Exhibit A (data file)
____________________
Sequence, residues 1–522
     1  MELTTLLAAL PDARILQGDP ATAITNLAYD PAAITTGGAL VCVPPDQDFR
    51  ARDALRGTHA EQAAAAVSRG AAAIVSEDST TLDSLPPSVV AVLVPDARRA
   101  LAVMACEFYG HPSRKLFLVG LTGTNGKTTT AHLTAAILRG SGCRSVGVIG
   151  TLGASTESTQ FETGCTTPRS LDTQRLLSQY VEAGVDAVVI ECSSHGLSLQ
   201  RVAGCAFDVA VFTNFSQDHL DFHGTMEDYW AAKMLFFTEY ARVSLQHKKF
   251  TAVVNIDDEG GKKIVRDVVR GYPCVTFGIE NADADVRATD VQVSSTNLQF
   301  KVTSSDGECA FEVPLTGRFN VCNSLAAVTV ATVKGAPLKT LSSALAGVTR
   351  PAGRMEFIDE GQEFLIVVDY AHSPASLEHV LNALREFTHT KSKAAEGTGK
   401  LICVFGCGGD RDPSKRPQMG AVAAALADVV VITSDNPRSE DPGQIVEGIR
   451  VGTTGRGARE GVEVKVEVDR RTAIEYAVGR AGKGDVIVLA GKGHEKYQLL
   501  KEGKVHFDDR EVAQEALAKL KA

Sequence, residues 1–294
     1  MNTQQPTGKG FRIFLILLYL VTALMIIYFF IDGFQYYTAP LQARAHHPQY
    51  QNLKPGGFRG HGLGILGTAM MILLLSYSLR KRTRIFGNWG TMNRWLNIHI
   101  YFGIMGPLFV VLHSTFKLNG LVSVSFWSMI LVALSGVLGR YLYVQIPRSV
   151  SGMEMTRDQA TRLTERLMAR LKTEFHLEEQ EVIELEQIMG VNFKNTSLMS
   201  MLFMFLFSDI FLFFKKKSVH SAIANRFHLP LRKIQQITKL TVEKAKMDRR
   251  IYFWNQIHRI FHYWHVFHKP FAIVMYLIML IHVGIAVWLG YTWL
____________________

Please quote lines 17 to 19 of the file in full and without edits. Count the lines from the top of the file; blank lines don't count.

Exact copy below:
   151  SGMEMTRDQA TRLTERLMAR LKTEFHLEEQ EVIELEQIMG VNFKNTSLMS
   201  MLFMFLFSDI FLFFKKKSVH SAIANRFHLP LRKIQQITKL TVEKAKMDRR
   251  IYFWNQIHRI FHYWHVFHKP FAIVMYLIML IHVGIAVWLG YTWL